One attempted remedy has been legal. Almost all of these narco-subs have scuttle valves. In the mid-2000s, when authorities started catching LPVs in the water, their crews would sink them (and the evidence) in minutes. Now the drug interdiction people are legally obligated to save the trafficking crew while their boat goes under. Sometimes divers can recover the evidence, sometimes they can’t. The United States and Colombia responded with legislation making it a criminal offense to operate any un-flagged and unregistered submersible or semi-submersible at all. This makes it unnecessary to recover any narcotics to bring drug trafficking charges. If the US Navy catches you on an un-flagged submarine anywhere in the world, don’t expect them to buy your story about independently-financed Kraken research. Under the assumption that former Naval officers can build and operate these craft most effectively, the Colombian law provides harsher penalties if the offender has been affiliated with the Colombian Navy.

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Break out the cigars, folks, we finally got ’em! Aw crap…. (Image found here in Ramirez & Bunker p. 75

At the moment, the narco-subs look pretty unstoppable while in transit, and the LPVs aren’t invincible but they’re successful enough. The economics alone are pretty decisive: the most expensive narco-submarine anybody has seen so far cost about $10 million. That’s a lot of money to play around with model boats, but that sub would have transported payloads worth hundreds of millions, if not over a billion dollars on the street. Payloads for smaller craft have ranged into the $100-$400 million dollar range, but the cartels have made pretty good submarines for $2 million, and LPVs for less. A decent number of these things can get stopped, and the cartels will still make plenty of money.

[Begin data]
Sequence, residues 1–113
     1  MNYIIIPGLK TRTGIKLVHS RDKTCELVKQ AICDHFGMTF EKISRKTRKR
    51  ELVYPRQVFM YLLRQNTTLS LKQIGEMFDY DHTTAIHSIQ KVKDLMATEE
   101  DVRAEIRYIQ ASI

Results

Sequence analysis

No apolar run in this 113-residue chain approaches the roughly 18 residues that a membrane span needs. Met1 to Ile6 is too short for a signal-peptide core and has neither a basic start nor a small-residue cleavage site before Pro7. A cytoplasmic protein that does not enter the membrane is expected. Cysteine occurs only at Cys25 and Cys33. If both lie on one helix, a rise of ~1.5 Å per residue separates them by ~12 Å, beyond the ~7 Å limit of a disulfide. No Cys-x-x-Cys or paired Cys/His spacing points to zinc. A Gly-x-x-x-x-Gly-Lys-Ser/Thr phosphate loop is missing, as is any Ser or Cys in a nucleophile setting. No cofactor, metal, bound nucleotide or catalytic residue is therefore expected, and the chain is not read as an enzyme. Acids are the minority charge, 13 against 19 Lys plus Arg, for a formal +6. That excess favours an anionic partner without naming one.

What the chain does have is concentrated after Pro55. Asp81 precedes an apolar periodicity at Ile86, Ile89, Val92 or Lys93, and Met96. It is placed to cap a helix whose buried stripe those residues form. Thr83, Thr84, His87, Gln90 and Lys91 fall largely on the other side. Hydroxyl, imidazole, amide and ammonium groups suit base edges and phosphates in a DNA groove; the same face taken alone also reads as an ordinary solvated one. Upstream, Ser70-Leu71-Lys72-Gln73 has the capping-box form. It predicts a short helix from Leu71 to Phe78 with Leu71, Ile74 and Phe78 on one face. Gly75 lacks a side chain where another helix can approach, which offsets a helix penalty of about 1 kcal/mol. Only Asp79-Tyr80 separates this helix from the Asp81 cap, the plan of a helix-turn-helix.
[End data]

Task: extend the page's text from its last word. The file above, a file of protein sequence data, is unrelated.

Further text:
How many are we actually stopping? Most estimates, including the DEA’s,[xiv] put the interdiction rate at 20-25%, but it’s hard to evaluate. Nobody really knows how many of these craft are being produced, how many are in operation, or whether there are some very stealthy subs already making big runs without being detected. We’ve captured enough LPVs in the water, and enough real subs under construction, that it’s almost certain there are a lot more in use. Despite all these fancy surveillance resources, most of the busts have relied on specific intelligence about construction projects or specific craft traveling specific routes. We can’t possibly surveil enough ocean at any given time to discover all the LPVs in the water, let alone the subs under the surface. The Navy and Coast Guard people need intelligence on where to look in order to actually catch them. This only gets harder when we consider the possibility that subs might eventually get popularized for illicit trafficking all over the world.

According to one analysis:

“…given good intelligence of a drug event and a patrol box of a certain length and width, a surface vessel operating alone has only a 5% probability of detecting (PD) that event. A surface vessel with an embarked helicopter increases the PD to 30%, and by adding a Maritime Patrol Aircraft to the mix, the PD goes up to 70%. Analysis by the Colombian Navy shows that adding one of their submarines to the mix raises the PD to 90%.[xv]